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Within- and between-person associations of neighborhood poverty with alcohol use and consequences: A monthly study of young adults

While alcohol use in young adulthood may help with identity exploration, autonomy development, and the achievement of social goals, it is related to many negative outcomes. Previous literature shows neighborhood-level poverty and socioeconomic disadvantages may play a role in young adult’s excessive alcohol use. This study follows young adults monthly for two years to assess drinking and alcohol-related consequences among individuals living in neighborhoods of greater poverty.

Young adults for this study were recruited from Washington state who lived within 60 miles from the study offices in Seattle. Participants first completed a baseline assessment in person and then completed an online survey on the first day of the month for two years. Measures included neighborhood poverty, alcohol use and consequences, and demographics. Poverty was assessed by asking participants about their current residential address. Poverty levels were assessed using the American Community Survey. Alcohol use was assessed by asking about total drinks per week along with using the Brief Young Adult Alcohol Consequences Questionnaire.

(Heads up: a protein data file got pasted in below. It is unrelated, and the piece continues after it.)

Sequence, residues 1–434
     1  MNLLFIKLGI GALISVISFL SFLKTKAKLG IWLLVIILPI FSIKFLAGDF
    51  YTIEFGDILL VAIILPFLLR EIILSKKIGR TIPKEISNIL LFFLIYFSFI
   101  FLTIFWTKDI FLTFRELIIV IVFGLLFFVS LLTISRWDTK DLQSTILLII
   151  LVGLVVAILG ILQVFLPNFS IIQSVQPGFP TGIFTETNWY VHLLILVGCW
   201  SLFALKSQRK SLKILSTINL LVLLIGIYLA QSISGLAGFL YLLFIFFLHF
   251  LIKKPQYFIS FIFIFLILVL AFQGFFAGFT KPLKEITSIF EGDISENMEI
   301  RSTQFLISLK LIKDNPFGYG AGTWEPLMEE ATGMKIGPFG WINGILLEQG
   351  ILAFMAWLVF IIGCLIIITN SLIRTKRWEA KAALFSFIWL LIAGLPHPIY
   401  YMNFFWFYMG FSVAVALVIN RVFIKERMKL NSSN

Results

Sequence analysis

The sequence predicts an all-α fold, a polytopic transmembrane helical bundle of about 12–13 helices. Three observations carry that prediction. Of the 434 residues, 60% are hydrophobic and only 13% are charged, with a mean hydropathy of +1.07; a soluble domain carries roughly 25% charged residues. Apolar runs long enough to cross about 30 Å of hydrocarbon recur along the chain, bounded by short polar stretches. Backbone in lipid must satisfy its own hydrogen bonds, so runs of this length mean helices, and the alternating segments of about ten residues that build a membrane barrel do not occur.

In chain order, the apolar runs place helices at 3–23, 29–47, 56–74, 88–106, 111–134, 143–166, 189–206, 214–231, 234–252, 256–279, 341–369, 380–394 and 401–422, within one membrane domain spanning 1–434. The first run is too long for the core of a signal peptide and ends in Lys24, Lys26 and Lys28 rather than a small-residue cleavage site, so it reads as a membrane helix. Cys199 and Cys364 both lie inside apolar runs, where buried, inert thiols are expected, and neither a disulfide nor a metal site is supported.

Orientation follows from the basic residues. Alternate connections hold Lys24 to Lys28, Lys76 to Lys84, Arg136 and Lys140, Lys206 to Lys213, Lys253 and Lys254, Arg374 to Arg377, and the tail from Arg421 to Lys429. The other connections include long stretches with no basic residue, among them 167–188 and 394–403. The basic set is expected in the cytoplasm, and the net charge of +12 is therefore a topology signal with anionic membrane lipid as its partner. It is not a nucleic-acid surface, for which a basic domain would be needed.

The final study included 745 participants with an average of 58% attending a 4-year college during the study and living with parents an average of 32% of months during the two years. Average alcoholic drinks per week was 4.8 and consequences was 2.1. Results showed an increase in average neighborhood poverty was associated with a 23% increase in the count of typical drinks per week. This means that young adults on average consumed more alcohol when they were living in neighborhoods with higher levels of poverty. These findings show that young adults living in disadvantaged neighborhoods may benefit from added support surrounding alcohol misuse.

Take Away: The current study assesses drinking and alcohol-related consequences among young adults living in neighborhoods of greater poverty. Young adults were recruited from Washington state and completed a baseline assessment in person followed by an online survey on the first day of the month for two years. Measures included neighborhood poverty, alcohol use and consequences, and demographics. The final study included 745 participants and results showed young adults on average consumed more alcohol when they were living in neighborhoods with higher levels of poverty. These findings show that young adults living in disadvantaged neighborhoods may benefit from added support surrounding alcohol misuse.

Rhew, I. C., Duckworth, J. C., Hurvitz, P. M., & Lee, C. M. (2020). Within- and between-person associations of neighborhood poverty with alcohol use and consequences: A monthly study of young adults. Drug and Alcohol Dependence, 212, 108068. doi:10.1016/j.drugalcdep.2020.108068

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